Tag Archive for Aviation

A simple Cub and a grass runway.  This is flying!

No Apologies

Aviators can be an ambitious lot. We want to go places (no pun intended), and feel like we should always be progressing toward larger airplanes, new ratings, more hours. Sometimes I’ll hear an aviator speak in apologetic terms about their flying because they “only” fly this or that. Whether the subject is their aircraft, training, or experience, there’s no cause for apologies. Quite the opposite. Don’t be fooled by the number of ratings on a pilot’s certificate, or assume they’re a better aviator because their logbook has more hours than yours. Read more →

For decades, Japan Airlines ran an ab initio flight school in Napa, CA using Beech Bonanzas

The Ab Initio Flaw

Thus far, airline ab initio programs haven’t been a major part of the landscape here in the U.S. because our aviation sector is fairly robust. We are blessed with flying jobs which build the experience, skill, and time necessary for larger, more complex aircraft. But it might become an attractive option for airlines because the cost of learning to fly has risen dramatically over the past decade while the benefits (read: money) remain too low for too long. Airlines can cure the shortage by training pilots from zero hours… but at what cost? Read more →

baron-off-airport

Takeoff Briefings for Singles

Things happen quickly when the engine quits at low altitude. Doesn’t it makes sense that the time to prepare for emergent situations is before they occur? If the answer is yes, then I wonder why takeoff briefings are not typically taught or performed in single-engine airplanes. I think they should be, because they’re as important — if not more so — in a single than the multi-engine airplanes where they’ve long been standard procedure. Read more →

Gulfstream G550 simulator

We Don’t Train For That

Corporate & charter flying is already pretty safe, but I believe we can do even better. Perhaps instead of focusing primarily engine failures, we ought to look at the things that are causing accidents for a particular aircraft type and add them to a database of training scenarios which can be enacted in the simulator without prior notice. In other words, more teaching and less testing. Read more →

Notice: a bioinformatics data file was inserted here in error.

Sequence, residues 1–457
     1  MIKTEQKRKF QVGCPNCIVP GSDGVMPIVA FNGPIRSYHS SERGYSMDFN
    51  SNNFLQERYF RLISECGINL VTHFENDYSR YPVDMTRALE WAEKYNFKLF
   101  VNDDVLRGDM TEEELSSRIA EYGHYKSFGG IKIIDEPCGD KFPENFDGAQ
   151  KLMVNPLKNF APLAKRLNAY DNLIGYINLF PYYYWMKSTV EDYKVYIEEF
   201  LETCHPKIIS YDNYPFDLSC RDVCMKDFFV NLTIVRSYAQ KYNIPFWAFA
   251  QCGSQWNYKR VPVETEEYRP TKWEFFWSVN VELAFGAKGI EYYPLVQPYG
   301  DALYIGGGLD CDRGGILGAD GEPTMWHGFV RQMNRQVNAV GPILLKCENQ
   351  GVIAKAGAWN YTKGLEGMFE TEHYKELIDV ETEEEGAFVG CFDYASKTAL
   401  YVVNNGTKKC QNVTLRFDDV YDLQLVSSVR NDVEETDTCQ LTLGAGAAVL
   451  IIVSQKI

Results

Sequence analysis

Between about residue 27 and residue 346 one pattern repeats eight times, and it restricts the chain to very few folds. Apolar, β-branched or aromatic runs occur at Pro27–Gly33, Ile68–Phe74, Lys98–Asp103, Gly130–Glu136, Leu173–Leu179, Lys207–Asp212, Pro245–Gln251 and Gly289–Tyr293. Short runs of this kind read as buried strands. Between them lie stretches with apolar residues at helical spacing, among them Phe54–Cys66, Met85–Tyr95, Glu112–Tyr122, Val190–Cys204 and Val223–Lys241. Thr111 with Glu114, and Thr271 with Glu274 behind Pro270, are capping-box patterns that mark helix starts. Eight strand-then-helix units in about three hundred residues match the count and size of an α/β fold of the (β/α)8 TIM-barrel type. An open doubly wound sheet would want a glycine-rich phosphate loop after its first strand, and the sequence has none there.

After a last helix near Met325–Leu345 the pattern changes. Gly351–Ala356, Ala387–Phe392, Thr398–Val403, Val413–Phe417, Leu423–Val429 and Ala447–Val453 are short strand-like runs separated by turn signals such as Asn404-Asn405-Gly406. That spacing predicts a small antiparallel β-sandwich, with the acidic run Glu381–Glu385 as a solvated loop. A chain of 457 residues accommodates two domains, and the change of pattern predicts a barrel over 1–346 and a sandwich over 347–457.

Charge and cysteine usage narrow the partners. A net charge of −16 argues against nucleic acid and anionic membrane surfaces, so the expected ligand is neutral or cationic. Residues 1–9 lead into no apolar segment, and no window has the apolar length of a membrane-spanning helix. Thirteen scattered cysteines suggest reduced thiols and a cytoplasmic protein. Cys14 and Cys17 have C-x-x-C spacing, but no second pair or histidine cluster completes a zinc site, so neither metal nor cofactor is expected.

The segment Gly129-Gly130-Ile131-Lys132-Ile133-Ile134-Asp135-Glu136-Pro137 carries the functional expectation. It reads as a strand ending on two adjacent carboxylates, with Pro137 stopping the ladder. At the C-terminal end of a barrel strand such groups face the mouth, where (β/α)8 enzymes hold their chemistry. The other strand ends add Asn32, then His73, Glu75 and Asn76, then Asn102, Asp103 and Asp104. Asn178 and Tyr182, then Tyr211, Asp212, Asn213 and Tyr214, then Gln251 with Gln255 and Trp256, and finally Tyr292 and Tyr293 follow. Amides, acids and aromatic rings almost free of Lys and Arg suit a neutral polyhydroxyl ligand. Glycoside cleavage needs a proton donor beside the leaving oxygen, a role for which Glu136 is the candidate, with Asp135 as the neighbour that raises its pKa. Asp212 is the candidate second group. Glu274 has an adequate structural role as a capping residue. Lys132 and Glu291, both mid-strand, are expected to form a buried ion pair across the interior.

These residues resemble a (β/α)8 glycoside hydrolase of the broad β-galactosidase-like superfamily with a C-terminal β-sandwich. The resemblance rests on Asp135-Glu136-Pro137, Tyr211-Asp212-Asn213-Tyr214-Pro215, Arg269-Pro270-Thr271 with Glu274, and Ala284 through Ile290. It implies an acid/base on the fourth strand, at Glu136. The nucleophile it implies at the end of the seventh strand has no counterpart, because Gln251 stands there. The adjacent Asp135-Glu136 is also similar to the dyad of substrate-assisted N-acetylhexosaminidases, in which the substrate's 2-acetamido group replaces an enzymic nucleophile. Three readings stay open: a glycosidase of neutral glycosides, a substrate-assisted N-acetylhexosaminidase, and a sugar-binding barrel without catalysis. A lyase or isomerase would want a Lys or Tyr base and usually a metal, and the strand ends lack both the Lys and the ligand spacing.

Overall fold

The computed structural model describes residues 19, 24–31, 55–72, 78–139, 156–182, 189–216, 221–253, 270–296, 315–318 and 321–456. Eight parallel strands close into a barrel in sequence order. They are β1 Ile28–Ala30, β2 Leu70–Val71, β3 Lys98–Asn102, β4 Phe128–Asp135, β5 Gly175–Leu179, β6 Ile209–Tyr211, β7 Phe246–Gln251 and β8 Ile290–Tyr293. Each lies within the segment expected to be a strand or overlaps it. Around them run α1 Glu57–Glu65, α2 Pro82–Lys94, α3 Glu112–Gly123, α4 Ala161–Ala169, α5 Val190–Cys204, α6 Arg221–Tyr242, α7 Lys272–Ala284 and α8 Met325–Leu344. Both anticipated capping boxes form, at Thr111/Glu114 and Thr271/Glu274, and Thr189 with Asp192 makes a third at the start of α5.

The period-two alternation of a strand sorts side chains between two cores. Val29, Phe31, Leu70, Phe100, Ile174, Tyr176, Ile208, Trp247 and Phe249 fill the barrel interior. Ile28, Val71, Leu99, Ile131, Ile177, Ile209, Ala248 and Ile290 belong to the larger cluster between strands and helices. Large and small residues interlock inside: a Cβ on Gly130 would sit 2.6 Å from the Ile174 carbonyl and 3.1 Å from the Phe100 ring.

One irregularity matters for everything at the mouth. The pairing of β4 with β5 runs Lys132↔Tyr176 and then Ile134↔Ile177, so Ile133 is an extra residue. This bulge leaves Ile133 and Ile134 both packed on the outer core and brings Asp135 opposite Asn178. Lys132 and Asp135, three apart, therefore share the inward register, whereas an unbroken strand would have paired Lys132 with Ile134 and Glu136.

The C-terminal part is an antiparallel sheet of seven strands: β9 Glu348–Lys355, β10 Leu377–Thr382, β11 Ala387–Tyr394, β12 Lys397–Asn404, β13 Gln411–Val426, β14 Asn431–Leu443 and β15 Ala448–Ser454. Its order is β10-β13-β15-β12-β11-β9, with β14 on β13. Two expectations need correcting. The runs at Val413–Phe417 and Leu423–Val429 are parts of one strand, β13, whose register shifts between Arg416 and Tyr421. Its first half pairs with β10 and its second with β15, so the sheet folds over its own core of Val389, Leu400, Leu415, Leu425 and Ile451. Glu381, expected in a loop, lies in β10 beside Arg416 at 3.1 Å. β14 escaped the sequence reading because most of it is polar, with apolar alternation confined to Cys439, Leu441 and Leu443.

gulfstream-on-snow-gradient

The Hacked Airplane

For better or worse, the relentless march of technology means we’re more connected than ever, in more places than ever. For the most part that’s good. We benefit from improving communication, situational awareness, and reduced pilot workload in the cockpit. But there’s a dark side to digital connectivity, and in an era of internet-connected refrigerators, toilets, and a/c systems, I predict it’s only a matter of time before we start to see it in our airborne lives. Read more →

Highway at night

User Fees for All

User fees for general aviation have been proposed — and rejected — over and over again for nearly two decades. Today something new is in the works: the Federal government has decided to start with the highways instead. It makes me a bit nervous, and I can’t help but wonder whether GA will be able to make the case against those fees after the “freeway” moniker has been fully transformed into a sad anachronism. Read more →

owl

Learning to Fly — Without An Instructor?

Just how important is the instructor when it comes to learning to fly? That might be a surprising question for an CFI to ask, but the longer I teach, the more cognizant I become of the many ways in which an instructor can function as a barrier to the student’s progress. And apparently I’m not the only one who feels that way.

Last month, Paul Bertorelli penned (keyed?) an editorial about simulator maven Redbird stepping into the training void created by Cessna’s shift away from the piston market. What caught my eye about the piece was this line: Read more →

Gulfstream G650

The Contract Pilot

As much as one may love flying, it can be a tough career choice. Many pilots struggle through the food chain only to end up discouraged, if not downright hating their job. We’re all aware of the reasons: low pay, long days, little respect, too much time away from home, difficult working conditions, commuting, regulatory hassles, bankruptcies, furloughs, and ruinously expensive training. Quite a list, isn’t it?

On the other hand, life is often what we make of it. From bush flying to firefighting, there are many different gigs out there for those willing to take Frost’s road-less-traveled. For the past three years, for example, I’ve been flying as a “contract pilot” and truly enjoy it. Read more →